The court of appeal affirmed. Before Sanchez, when an expert’s opinion was based on hearsay, a jury received a limiting instruction to consider hearsay statements only to evaluate the expert’s opinion, but not as proof the information in the statements was true. Sanchez held that out-of-court statements used as the basis of expert opinion testimony are hearsay. When an expert offers case-specific out-of-court statements to explain the bases for his or her opinion, those statements are necessarily considered by the jury for their truth, and are hearsay. Here, although the case-specific hearsay was problematic, other expert testimony was based on the witness’ own experiences, and the medical opinion of K.W.’s incapacity was unimpeached. The court found it was not reasonably probable that the jury would have reached a different result absent the improperly admitted hearsay testimony, and the error was harmless.
Filed April 19, 2017, Second District, Div. 7
Cite as B269900
Belinda Wilkins Tepper sued her three siblings, Geoffrey Wilkins, Martha Wilkins, and Derek Wilkins, on behalf of her 88-year-old mother, Eileen Wilkins, claiming her siblings’ actions individually and as trustees of Eileen’s revocable living trust constituted financial elder abuse. Tepper was not a trustee of Eileen’s revocable trust. Tepper did not allege that she had been personally aggrieved by the actions of her siblings or that she possessed the ability to file suit as Eileen’s conservator or attorney-in-fact. Tepper’s siblings demurred to her first amended complaint, asserting Tepper lacked standing to pursue an action on Eileen’s behalf. Eileen retained her own counsel and intervened in the action, joining the demurrer to Tepper’s amended complaint. The trial court sustained the demurrer without leave to amend and dismissed Tepper’s elder abuse action on standing grounds.
The court of appeal affirmed. The trial court did not err in ruling Tepper lacked standing to bring the elder abuse action. Simply being an elder’s child is not sufficient to confer standing. Probate Code Section 48 defines an “interested person” as a child with an interest in a trust estate or estate of the decedent that may be affected by the proceeding. Tepper did not claim to have any interest in her mother’s revocable living trust, and even if she were named as a beneficiary, her interest would be merely potential and subject to change. Wilkins, not Tepper, was the real party in interest in the elder abuse action; Tepper was not aggrieved by the alleged conduct or otherwise beneficially interested in the controversy. Tepper did not proceed as her mother’s conservator or guardian ad litem, and therefore, she lacked standing to complain for financial elder abuse on her mother’s behalf.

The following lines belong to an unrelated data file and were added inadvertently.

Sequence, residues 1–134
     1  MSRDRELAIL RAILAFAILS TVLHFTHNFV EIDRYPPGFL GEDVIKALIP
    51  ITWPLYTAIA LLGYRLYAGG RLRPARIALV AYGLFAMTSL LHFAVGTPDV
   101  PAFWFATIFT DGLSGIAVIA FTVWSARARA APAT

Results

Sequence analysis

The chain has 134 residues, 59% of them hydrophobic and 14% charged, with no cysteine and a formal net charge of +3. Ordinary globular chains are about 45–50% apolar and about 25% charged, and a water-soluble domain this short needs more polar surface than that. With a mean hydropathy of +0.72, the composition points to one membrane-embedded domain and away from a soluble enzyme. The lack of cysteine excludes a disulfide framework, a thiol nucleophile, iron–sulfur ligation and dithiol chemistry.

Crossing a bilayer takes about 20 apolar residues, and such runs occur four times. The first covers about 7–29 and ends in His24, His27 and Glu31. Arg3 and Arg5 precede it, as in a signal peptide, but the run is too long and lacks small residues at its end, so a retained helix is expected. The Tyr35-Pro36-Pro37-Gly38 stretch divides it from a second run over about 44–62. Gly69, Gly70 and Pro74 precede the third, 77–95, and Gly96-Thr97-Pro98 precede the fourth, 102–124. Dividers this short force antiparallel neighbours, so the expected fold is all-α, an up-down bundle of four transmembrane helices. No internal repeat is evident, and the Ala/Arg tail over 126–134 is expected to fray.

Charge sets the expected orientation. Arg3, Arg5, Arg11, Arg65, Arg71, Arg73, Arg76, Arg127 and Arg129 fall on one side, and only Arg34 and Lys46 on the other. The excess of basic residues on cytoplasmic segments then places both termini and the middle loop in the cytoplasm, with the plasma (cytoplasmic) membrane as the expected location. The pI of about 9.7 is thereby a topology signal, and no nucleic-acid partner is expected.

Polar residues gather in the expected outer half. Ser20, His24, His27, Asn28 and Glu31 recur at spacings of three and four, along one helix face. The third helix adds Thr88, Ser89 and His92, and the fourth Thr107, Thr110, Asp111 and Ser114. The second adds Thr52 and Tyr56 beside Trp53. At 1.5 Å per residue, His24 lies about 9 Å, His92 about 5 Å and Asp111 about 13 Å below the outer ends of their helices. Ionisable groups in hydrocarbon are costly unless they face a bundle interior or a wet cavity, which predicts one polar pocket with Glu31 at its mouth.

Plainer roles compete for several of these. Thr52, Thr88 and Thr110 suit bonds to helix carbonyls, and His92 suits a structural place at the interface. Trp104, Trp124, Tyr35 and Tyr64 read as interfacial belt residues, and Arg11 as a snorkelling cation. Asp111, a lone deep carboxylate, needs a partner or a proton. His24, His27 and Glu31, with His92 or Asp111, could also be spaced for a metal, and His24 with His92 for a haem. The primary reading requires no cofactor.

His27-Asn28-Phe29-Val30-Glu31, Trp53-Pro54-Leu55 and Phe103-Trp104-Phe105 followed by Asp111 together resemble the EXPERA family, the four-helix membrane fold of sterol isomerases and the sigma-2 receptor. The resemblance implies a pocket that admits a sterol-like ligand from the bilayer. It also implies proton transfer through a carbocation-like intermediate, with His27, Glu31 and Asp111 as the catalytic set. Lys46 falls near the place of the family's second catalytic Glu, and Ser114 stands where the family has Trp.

Filed June 2, 2017, First District, Div. Four
Cite as A147236
By Ciarán O'Sullivan
The Law Office of Ciarán O'Sullivan
Fred and Martha Mahan created a revocable Children’s Trust and funded it with two second-to-die insurance policies on their lives, valued at a total of $1 million, and sufficient funds to pay the annual premiums well into the future. Two decades later, Fred, a lawyer at the end of his career, was in cognitive decline and Martha was diagnosed with Alzheimer’s disease. Taking advantage of the couple’s vulnerability, defendant insurance agents and brokers surrendered one policy and replaced the other with a single life policy requiring premium payments of $800,000, on which defendants earned $100,000 in commissions. To pay the increased premiums, the Mahans were forced to sell property and transfer additional money to the trust. The trial court sustained defendants’ demurrer to the Mahans’ financial elder abuse action on the grounds that the trust was not an elder who was protected by the Elder Abuse and Dependent Adult Civil Protection Act, and the Mahans voluntarily paid the premiums; defendants’ actions did not deprive the Mahans of property within the meaning of the Act.